FIG. 15 is a plot of error vs. phase angle for 5 bits each for the sine and cosine tables and 3 bits for amplitude thresholding. While the error is slightly higher than with the 4—4—4 set up shown in FIG. 13, this combination of techniques may be preferable because it is sometimes more difficult to implement thresholding bits than it is to implement bits used for the sine and cosine tables.

The following is a table illustrating the various instantiations of the present invention including on or off circle scaling factors, optimized or binary step sizes and whether or not the output of the summed signal is amplified.

CIRCLE STEP AMPLIFICATION
ON BINARY NONE
ON BINARY YES
ON OPTIMIZED NONE
ON OPTIMIZED YES
OFF BINARY NONE
OFF BINARY YES
OFF OPTIMIZED NONE
OFF OPTIMIZED YES

The first column, “CIRCLE” represents whether or not the scaling factor is on or off circle with the second column, “STEP”, showing whether or not the step size is binary or optimized. Whether or not the signal is amplified is shown in the third, “AMPLIFICATION” column.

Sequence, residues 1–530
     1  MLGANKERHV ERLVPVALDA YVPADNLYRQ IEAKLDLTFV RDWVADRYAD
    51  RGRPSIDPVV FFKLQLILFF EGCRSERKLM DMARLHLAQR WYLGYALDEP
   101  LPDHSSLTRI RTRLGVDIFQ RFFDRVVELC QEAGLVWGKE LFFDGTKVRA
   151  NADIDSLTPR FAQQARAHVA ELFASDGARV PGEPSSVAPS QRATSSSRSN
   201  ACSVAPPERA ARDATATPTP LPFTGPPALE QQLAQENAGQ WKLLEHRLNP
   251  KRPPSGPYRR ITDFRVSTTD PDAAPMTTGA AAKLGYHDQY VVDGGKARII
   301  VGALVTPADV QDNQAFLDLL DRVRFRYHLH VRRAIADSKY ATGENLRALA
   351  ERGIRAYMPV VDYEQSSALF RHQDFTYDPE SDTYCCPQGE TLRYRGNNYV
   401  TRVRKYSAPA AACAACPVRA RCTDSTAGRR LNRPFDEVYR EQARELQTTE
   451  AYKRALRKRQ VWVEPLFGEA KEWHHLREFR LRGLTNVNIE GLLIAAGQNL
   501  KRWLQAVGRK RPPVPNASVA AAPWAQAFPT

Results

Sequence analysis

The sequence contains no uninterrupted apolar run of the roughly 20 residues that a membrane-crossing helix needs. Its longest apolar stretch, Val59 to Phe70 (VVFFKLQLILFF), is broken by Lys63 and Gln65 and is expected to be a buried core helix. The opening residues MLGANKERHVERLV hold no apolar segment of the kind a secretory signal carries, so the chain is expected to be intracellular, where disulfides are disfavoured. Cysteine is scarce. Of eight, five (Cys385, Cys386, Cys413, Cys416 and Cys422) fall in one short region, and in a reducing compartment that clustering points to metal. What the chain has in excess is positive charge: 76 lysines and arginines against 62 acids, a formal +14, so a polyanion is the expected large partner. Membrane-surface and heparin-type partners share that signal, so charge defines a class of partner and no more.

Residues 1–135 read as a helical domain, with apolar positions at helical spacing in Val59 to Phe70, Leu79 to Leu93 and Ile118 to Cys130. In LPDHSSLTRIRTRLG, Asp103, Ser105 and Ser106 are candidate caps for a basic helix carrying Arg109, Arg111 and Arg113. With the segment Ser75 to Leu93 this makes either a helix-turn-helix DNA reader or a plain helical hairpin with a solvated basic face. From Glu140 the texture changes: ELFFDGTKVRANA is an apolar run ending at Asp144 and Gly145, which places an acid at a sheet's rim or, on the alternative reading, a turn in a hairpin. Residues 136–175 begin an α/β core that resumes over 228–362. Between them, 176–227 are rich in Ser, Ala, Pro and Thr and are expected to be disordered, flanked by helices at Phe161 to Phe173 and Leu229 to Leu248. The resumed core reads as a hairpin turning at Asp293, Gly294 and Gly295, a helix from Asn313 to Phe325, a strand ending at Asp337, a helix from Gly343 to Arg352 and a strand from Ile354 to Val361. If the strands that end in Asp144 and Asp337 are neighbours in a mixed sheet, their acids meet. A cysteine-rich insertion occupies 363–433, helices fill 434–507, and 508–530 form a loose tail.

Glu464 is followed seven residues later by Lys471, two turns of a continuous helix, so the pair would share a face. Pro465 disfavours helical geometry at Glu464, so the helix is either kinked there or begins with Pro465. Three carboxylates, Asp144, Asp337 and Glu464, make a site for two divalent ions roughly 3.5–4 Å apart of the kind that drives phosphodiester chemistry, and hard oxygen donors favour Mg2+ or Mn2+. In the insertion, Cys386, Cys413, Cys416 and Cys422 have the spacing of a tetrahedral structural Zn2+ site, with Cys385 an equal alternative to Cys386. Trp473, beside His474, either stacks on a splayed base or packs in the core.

While particular embodiments of the invention have been described, it will be understood, however, that the invention is not limited thereto, since modifications may be made by those skilled in the art, particularly in light of the foregoing teachings. It is, therefore, contemplated by the appended claims to cover any such modifications that incorporate those features or those improvements that embody the spirit and scope of the present invention.

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Classifications
U.S. Classification327/237, 327/248, 327/255, 327/238
International ClassificationH04B1/7163, H03K5/159, H03K5/13, H03K5/135, H03K5/00
Cooperative ClassificationH03K5/13, H03K2005/00156, H04B1/71632, H03K5/159, H04B1/71635, H03K5/135
European ClassificationH04B1/7163C, H03K5/135, H03K5/13, H03K5/159
Legal Events
DateCodeEventDescription
Mar 19, 2011ASAssignment
Free format text: ASSIGNMENT OF ASSIGNORS INTEREST;ASSIGNOR:TIME DOMAIN CORPORATION;REEL/FRAME:025983/0646
Effective date: 20101231
Owner name: TDC ACQUISITION HOLDINGS, INC., ALABAMA
Mar 4, 2008FPExpired due to failure to pay maintenance fee
Effective date: 20080113
Jan 13, 2008LAPSLapse for failure to pay maintenance fees
Jul 23, 2007REMIMaintenance fee reminder mailed
Oct 15, 2002ASAssignment
Owner name: TIME DOMAIN CORPORATION, ALABAMA
Free format text: ASSIGNMENT OF ASSIGNORS INTEREST;ASSIGNORS:BRETHOUR, VERNON R.;PENDERGRASS, MARCUS H.;CONFER, RYAN N.;REEL/FRAME:013396/0440;SIGNING DATES FROM 20011211 TO 20020104